Dr. Ruth Westheimer
“Dr. Ruth” is synonymous to many as the ultimate expert on intimacy. Her feisty style and honest insights have been inspiring couples for nearly 30 years. She pioneered the field of media psychology with her radio program, Sexually Speaking, which debuted in September of 1980. Since then, she has hosted many TV and radio shows including The Dr. Ruth Show, which was syndicated nationally and internationally, and On the Air with Dr. Ruth, her popular call-in radio show. She has written 31 books and recently re-released Sex for Dummies. Her column, Ask Dr. Ruth” is syndicated around the world by King Features and her website, www.drruth.com receives thousands of hits each week.
Dr. Ruth was honored as “Mother of the Year” by the National Mother’s Day Committee, was named one of the “Most Intriguing People of the Century,” by People magazine and has received countless awards and honors for her work in human sexuality. Currently, Dr. Westheimer is an adjunct professor at N.Y.U. and an associate fellow of Calhoun College at Yale University, where she teaches a course on the American family, and as a Fellow of Butler College at Princeton University, she teaches a course on the Jewish family.
Often people tell me that as the years go by they find that there's just not as much romance in their relationships. They feel their partner has become predictable or just lazy and that the special romantic gestures and celebrations are just memories. They've become busy with children, family work, social obligations and their homes and no longer have time to be spontaneous and romantic. Candelit dinners and flowers are left for special events like birthdays and anniversaries, if that. When I hear this, I tell them that you're never too old to be romantic, to surprise your partner and to instill a little spontaneity in your lives. You just have to be determined, patient and a little creative.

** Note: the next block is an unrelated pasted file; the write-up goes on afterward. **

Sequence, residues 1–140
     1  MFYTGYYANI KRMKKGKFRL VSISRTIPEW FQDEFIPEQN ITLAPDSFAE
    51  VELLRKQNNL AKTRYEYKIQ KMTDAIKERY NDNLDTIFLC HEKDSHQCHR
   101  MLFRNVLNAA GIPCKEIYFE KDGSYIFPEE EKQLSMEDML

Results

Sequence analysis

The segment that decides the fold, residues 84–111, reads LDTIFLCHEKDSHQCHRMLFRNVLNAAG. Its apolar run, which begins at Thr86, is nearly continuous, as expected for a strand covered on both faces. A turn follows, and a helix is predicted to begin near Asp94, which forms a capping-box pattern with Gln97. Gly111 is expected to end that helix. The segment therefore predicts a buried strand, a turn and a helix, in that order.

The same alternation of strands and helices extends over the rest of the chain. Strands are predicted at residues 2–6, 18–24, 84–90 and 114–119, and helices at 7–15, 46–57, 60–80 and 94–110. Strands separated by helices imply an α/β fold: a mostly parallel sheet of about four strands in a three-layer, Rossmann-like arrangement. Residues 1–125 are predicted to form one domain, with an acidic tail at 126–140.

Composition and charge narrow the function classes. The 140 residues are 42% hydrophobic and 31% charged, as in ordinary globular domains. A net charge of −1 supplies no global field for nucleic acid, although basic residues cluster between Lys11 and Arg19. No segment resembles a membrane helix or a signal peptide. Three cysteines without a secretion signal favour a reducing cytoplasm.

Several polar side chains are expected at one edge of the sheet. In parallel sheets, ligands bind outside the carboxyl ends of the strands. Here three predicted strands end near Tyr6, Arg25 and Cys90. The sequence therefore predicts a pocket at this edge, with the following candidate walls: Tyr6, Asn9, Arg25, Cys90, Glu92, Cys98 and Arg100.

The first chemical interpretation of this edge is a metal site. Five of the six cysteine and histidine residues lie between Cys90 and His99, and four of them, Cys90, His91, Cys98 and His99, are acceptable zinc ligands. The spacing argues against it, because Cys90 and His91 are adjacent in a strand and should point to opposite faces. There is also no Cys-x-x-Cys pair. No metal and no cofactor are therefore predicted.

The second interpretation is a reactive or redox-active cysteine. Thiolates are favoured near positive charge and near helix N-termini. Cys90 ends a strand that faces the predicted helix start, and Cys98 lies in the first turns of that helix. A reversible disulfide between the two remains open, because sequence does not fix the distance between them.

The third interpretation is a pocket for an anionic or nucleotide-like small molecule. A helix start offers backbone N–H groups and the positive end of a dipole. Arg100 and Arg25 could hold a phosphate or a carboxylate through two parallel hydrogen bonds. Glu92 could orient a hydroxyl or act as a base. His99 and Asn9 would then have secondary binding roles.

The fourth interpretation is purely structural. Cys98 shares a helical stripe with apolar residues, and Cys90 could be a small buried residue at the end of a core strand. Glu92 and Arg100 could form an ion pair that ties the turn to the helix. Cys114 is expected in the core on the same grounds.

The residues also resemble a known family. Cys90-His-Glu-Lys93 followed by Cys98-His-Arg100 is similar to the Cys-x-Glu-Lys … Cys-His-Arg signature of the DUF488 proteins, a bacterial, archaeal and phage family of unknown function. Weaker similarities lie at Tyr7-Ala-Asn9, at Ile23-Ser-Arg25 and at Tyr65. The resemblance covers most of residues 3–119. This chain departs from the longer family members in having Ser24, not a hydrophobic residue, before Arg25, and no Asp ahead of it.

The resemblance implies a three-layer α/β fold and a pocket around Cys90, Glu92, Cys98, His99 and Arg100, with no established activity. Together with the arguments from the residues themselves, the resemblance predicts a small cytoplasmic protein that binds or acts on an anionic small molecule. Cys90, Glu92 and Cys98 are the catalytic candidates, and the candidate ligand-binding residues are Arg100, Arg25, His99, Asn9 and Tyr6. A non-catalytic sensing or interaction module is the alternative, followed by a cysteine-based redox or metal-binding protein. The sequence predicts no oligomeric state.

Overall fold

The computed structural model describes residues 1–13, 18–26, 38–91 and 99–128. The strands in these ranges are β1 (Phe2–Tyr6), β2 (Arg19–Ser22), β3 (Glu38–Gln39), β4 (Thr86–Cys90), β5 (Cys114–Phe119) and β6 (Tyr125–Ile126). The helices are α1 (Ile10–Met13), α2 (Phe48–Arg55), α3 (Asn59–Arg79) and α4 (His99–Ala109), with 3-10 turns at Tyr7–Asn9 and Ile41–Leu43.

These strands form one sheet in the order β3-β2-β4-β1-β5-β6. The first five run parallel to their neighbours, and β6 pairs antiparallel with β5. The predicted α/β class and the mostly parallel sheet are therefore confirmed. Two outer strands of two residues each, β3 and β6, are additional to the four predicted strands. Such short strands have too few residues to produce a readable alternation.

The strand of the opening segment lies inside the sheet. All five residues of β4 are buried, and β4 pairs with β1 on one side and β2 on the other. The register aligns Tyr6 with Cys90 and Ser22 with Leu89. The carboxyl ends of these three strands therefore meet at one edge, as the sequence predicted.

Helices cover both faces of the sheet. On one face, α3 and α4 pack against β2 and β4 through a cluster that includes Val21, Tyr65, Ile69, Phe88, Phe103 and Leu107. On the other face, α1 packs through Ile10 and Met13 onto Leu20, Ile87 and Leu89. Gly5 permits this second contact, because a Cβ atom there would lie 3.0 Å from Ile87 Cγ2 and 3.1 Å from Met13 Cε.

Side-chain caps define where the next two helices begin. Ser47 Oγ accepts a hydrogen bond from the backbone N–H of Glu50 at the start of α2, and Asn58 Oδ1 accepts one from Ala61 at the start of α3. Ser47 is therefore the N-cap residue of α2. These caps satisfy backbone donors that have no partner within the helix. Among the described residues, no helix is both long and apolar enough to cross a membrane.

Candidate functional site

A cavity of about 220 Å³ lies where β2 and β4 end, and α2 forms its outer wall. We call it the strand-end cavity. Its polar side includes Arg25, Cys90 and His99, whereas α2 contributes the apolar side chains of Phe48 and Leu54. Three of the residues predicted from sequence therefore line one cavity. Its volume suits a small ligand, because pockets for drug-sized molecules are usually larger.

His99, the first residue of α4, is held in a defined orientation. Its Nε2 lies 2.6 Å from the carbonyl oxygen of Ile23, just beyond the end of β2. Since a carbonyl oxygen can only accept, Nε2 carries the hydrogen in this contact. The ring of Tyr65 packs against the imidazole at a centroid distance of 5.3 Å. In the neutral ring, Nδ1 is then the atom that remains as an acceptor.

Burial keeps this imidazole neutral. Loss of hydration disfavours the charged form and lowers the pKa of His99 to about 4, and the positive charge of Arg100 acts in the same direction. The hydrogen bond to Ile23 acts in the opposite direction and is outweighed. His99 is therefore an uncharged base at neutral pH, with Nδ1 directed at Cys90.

Romance is timeless. Though technology may have changed the process a bit, it still comes down to some simple basics: couples meet, sparks fly; they fall in love and ultimately commit to a life together. At the start of most relationships, romance is unquestionably a top priority! Against all odds, we’ve found “the one” and they occupy a major portion of our thoughts and dreams…and time. Yet as time passes, romantic relationships evolve. Priorities shift and relationships adjust, often growing deeper, more committed and more expressive. Typically, a couple’s early years are consumed by establishing home, finances and career paths. Down the road, primary focus often changes as children arrive, and careers are advanced or adjusted.
- Department of Romance Home
- Trista & Ryan Sutter
- Gavin MacLeod
- Lisa Light
- Dr. Ruth Westheimer
- Phil Roberts